Country of the Week: Netherlands

In Countries by Continental StaffLeave a Comment

This week we’re back in the Low Countries to visit the Netherlands. Discover the rich history and culture that makes it one of Europe’s most memorable countries.

  • Capital (and Largest City): Amsterdam
  • Population (2015): 16,919,139 (63rd)
  • Total Area: 41,543 km² (134th)
  • Official National Language: Dutch
  • Currency: Euro (€) (EUR)

Windmills are a common sight in the Dutch countryside


Like most countries in the region, the early days of the Netherlands were characterized by an abundance of different tribes (largely Germanic). And again like most of the countries in the region, the dynamic changed dramatically once the Romans arrived. By 12 AD, Roman forces had conquered all land south of the Rhine. For the next several centuries, the Romans fought against the local tribes in order to consolidate their control.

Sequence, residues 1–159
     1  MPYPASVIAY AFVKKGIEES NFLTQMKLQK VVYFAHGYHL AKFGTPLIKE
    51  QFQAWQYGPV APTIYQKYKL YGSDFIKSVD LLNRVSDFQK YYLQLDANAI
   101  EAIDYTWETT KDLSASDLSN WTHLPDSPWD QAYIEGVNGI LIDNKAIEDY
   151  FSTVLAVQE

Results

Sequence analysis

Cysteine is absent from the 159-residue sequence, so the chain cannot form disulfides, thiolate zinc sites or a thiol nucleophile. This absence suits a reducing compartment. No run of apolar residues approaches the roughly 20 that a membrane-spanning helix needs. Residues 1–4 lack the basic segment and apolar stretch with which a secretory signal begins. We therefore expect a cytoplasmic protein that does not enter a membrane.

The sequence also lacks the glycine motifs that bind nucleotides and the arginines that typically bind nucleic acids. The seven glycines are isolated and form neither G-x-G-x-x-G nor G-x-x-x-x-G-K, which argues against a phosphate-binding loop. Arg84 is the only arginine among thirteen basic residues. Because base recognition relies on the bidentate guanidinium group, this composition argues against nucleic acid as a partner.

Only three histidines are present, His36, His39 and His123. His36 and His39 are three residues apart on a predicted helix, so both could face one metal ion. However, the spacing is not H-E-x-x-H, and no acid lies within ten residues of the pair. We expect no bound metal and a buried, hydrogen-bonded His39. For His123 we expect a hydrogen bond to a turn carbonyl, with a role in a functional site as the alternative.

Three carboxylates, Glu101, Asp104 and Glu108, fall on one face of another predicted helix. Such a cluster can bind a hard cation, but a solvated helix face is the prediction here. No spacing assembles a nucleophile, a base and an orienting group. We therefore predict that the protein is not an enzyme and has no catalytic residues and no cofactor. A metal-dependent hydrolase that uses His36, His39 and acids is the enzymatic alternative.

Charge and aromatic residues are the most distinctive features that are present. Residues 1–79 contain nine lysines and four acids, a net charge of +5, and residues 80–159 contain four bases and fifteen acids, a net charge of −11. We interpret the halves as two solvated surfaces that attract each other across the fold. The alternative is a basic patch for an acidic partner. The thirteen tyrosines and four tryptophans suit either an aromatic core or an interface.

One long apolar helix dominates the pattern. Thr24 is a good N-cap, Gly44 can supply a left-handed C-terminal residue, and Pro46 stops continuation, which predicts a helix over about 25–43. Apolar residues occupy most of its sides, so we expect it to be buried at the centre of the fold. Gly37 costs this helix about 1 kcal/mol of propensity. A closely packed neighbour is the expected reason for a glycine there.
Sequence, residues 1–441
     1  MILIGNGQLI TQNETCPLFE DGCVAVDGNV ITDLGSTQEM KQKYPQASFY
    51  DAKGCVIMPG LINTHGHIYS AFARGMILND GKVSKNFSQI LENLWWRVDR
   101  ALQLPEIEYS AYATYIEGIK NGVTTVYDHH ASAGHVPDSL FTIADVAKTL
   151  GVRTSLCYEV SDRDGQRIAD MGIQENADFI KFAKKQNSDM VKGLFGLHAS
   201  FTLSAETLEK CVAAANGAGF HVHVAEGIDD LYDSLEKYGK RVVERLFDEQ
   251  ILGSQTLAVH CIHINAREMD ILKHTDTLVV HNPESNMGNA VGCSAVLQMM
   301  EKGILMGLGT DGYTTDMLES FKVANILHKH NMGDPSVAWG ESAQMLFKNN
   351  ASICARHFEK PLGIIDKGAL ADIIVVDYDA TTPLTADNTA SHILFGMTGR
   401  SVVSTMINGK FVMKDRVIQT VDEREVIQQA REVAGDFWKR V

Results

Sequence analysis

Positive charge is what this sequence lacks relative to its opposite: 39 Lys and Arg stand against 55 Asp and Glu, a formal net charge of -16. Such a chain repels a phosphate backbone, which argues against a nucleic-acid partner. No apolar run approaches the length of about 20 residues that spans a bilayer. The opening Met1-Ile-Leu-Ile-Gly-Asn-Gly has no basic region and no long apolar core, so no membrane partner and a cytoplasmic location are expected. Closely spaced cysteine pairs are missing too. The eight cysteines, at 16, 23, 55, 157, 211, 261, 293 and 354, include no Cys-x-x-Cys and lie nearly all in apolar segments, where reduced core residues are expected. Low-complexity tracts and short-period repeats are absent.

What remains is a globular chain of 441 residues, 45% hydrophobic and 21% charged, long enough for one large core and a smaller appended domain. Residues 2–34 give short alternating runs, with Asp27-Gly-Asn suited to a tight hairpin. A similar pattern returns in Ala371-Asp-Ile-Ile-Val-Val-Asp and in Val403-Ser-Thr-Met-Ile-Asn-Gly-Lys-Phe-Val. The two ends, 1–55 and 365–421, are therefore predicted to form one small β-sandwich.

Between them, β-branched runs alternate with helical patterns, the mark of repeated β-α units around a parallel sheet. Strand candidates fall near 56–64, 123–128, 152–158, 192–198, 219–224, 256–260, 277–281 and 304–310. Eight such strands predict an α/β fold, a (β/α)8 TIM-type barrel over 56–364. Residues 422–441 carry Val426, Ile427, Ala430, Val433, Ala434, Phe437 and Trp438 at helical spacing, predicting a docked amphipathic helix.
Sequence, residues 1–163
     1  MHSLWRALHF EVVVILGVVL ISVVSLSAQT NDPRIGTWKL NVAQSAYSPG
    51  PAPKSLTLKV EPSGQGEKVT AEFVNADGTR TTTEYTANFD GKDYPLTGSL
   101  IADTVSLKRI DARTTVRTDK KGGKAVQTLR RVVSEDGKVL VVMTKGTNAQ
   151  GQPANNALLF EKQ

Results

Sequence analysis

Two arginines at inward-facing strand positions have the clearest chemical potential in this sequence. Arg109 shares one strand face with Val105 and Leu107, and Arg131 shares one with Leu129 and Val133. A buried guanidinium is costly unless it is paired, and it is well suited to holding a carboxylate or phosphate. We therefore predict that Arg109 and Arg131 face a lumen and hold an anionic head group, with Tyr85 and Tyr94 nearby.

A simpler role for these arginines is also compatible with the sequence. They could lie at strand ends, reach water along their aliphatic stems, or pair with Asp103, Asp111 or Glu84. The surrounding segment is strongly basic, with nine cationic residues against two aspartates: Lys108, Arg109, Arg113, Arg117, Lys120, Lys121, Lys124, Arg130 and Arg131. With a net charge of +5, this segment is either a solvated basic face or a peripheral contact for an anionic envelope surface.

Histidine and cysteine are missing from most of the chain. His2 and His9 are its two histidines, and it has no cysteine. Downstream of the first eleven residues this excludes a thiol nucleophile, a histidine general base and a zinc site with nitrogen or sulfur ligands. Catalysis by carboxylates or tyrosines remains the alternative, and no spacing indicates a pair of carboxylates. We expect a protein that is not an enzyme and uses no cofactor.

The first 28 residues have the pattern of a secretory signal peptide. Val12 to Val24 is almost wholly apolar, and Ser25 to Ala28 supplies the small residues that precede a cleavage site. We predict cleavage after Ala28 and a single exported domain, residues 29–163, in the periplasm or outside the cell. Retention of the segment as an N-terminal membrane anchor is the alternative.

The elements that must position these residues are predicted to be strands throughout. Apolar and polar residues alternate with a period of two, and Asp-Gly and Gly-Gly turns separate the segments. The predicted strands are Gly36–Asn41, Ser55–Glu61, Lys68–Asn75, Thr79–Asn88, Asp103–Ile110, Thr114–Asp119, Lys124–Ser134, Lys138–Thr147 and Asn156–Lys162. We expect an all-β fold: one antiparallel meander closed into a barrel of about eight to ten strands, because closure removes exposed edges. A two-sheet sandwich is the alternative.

In the early 5th century however, Roman administration in the region collapsed with the Franks coming in to unify the area. Despite this, there remained a division between the Dutch speaking Franks and nearby Frankish French speakers. In addition, nearby Anglo-Saxons (also known as Frisians, the ones who didn’t sail to England) came into conflict with the local Franks. Eventually the Battle of the Boarn in 734 brought about a Frankish victory – cementing their control over this area of Western Europe.

After a period of unification under Charlemagne, his vast empire was divided into three separate countries – with the Netherlands falling under the relatively weak Middle Francia. The country was further divided and annexed over the years, with numerous powers attempting to bite off bits for themselves. Throw in the threat of Viking raids and you can imagine that the early Middle Ages are not considered a high point of the Netherland’s power.